Are we really content living in a world that slaps the label ‘special’ on basic human needs? Don’t trip over yourself when you read this, BUT THERE’S ABSOLUTELY NOTHING SPECIAL ABOUT SPECIAL EDUCATION. This term is a misnomer, a veil that obscures a more profound issue, and I’m here to break it all the way down for you. 

However, it’s essential to clarify that advocating for such an environment for all does not mean overlooking or diluting the specific needs of neurotypical children. This is not about homogenizing educational experiences under the guise of inclusion. Neurotypical children, like their neurodivergent peers, have distinct educational needs that may not require the same level of support or environmental adaptations as those typically found in special education classrooms.

The crux of the argument lies in reimagining the standard of education to be inherently flexible and responsive to the diversity of learning styles and needs. It’s about dismantling the binary of ‘general’ and ‘special’ education and embracing a more fluid, continuum-based approach. In such a system, the resources and strategies currently labeled as ‘special’ become available to all, allowing for a truly individualized educational experience. Thus, my aim in this discourse is to idealize an educational landscape where the ‘special’ is normalized, and the norm is inherently special in its capacity to cater to each child’s unique educational journey.

Next, let’s tackle this notion of ‘special needs.’ How does this language perpetuate ableism and white supremacy? Yes, you heard that right. By tagging these needs as ‘special,’ we’re upholding a system that inherently values certain abilities over others. There’s nothing ‘special’ about making buildings accessible to all or having teachers who create safe, inclusive spaces. These should be fundamental aspects of our educational fabric, not exceptions that we applaud. To this point, I think we should get rid of “’special education’ and replace it with a term that truly reflects an anti-oppressive, inclusive approach. This isn’t about lowering standards; it’s about raising the floor for everyone. Your child’s needs aren’t ‘special’ – they’re human. And it’s about time our education system recognizes and honors that. What term do I propose? Drum roll..

Inclusive Educational Empowerment (IEE) encapsulates a paradigm shift from viewing certain educational needs as ‘special’ to recognizing and valuing the full range of human diversity in learning. It implies an educational system that is inherently designed to empower every student, acknowledging that each individual has unique strengths and needs.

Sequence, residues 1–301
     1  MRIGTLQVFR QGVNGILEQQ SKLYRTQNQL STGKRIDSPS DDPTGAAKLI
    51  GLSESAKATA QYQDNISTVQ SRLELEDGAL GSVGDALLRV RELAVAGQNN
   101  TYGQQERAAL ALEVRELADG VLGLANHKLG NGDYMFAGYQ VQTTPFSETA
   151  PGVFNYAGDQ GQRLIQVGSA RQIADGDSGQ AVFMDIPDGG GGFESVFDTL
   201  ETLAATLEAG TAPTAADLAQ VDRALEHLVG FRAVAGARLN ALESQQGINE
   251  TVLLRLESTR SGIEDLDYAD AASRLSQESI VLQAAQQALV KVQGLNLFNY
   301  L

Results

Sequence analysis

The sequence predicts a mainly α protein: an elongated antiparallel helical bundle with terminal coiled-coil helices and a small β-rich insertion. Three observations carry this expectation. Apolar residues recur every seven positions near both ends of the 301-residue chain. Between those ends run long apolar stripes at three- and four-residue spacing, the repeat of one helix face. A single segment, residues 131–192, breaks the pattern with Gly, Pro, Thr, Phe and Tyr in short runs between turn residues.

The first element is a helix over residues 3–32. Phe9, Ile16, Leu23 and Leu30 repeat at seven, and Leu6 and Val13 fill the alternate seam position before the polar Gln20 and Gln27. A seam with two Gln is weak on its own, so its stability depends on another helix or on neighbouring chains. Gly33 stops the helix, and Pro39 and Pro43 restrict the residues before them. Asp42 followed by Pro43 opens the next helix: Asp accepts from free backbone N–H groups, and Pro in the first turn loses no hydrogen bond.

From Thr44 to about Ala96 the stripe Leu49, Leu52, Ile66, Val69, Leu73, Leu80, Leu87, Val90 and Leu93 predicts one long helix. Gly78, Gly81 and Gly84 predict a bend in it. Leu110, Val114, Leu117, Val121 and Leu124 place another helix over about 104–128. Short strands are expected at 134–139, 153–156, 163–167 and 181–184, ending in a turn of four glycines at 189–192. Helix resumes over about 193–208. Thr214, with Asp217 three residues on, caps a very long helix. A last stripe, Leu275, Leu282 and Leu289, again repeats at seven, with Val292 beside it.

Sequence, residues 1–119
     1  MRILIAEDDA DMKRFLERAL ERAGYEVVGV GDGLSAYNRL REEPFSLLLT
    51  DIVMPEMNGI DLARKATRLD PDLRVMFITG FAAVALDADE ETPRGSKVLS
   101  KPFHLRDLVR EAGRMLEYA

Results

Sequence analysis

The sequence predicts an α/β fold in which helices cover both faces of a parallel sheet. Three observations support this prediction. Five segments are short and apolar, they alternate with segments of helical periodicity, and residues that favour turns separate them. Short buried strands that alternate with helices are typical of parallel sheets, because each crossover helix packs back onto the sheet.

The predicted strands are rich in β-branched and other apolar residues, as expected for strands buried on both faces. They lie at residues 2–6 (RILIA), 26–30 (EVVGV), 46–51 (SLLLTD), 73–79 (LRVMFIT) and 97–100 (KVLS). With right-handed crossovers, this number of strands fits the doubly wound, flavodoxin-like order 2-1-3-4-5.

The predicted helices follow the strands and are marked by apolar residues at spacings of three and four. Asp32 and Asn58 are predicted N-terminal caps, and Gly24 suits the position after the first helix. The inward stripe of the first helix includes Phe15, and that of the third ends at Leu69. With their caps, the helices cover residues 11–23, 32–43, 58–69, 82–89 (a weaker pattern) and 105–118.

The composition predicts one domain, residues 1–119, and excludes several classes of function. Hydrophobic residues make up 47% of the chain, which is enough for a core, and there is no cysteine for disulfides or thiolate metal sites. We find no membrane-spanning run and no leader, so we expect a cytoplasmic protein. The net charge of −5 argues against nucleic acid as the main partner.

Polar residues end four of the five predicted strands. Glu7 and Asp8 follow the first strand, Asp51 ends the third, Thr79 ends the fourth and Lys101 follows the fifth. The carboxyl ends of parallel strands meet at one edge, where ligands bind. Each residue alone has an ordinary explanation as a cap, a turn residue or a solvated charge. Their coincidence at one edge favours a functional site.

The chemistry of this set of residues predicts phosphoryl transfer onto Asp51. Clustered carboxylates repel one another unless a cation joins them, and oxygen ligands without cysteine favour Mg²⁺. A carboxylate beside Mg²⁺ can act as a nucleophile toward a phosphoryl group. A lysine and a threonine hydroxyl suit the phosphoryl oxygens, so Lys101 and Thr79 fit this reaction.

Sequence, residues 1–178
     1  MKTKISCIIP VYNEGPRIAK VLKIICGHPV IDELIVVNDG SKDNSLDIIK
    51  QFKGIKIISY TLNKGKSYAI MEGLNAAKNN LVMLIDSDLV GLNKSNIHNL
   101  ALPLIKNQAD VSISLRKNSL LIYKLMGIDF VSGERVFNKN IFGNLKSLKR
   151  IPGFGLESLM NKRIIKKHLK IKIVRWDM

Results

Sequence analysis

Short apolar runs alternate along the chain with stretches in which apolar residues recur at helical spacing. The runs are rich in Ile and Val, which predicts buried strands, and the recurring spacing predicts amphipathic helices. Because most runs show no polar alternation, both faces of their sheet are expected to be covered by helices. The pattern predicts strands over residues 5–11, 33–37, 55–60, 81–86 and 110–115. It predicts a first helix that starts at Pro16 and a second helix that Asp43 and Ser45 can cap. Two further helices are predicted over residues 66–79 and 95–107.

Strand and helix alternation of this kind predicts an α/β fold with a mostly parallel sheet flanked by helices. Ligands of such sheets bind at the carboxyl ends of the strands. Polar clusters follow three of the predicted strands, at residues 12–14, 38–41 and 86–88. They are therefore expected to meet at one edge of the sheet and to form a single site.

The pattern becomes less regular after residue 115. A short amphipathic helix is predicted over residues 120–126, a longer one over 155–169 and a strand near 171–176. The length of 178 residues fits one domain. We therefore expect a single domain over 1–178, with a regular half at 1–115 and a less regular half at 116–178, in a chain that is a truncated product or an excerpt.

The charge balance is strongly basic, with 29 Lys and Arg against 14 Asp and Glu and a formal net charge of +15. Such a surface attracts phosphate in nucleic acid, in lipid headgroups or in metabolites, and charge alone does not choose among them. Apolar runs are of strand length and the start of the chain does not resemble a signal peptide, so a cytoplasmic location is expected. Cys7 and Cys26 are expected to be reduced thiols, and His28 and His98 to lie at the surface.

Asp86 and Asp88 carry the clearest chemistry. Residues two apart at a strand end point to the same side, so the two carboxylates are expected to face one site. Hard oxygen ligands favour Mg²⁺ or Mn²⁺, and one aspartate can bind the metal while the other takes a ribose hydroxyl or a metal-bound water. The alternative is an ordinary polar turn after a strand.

Inclusive Educational Empowerment moves beyond the conventional boundaries of ‘special’ education, advocating for a system where every student’s needs are understood as integral to the educational model, not as exceptions requiring special attention. This approach aligns with the ideals of anti-oppressive education, aiming to elevate everyone to a place of equitable learning and opportunity.

So, I’m calling you to action. Reject the notion of ‘special’ education as some sort of benevolent gift. Demand an education system that acknowledges and caters to every child’s inherent worth and potential. It’s not just about fairness; it’s about justice, equity, and the radical reshaping of our society’s future. Enough with complacency. It’s time for a revolution in how we view and deliver education. Your child, and every child, deserves nothing less. Below are steps to do better: 

  1. Decentralize Standardized Education Models: Move away from one-size-fits-all education models that prioritize standardization over individualization. Embrace a more decentralized approach, focusing on diverse, community-based educational models. This shift can draw inspiration from Paulo Freire’s concept of “problem-posing education,” which emphasizes dialogue, critical thinking, and the co-creation of knowledge, adapting to the unique contexts and needs of each learner.
  2. Implement Universal Design for Learning (UDL): Shoutout to Dr. Shwartz at St. John Fisher University. He taught me everything I know about UDL! Anyways, UDL is a framework that advocates for creating curriculum and learning environments accessible and effective for all. This approach involves presenting information in multiple ways, offering diverse avenues for students to express their understanding, and providing varied means of engagement to tap into different interests and motivations. UDL challenges the notion that accommodations are ‘special’ needs and instead frames them as universal needs.
  3. Empower Student Voice and Agency: Actively involve students in decision-making processes regarding their education. This includes creating platforms for students to express their needs and preferences and involving them in designing their learning experiences. Such an approach aligns with the principles of democratic education, which see students as active participants rather than passive recipients in their educational journey.
  4. Revise Teacher Training and Professional Development: Reform teacher education to focus on equity, inclusivity, and culturally responsive pedagogy. Educators should be trained to recognize and dismantle biases, adapt to diverse learning styles, and create inclusive classrooms that celebrate differences. This training must include ongoing professional development that keeps educators abreast of the latest research and best practices in inclusive education.
  5. Policy Advocacy and Legal Reform: Advocate for policy changes that prioritize equitable access to education for all students. This involves lobbying for legal reforms that dismantle barriers in the existing educational system and promote funding and resources for inclusive education practices. It’s about shifting the narrative from ‘special’ education as a separate entity to inclusive education as a fundamental right for all.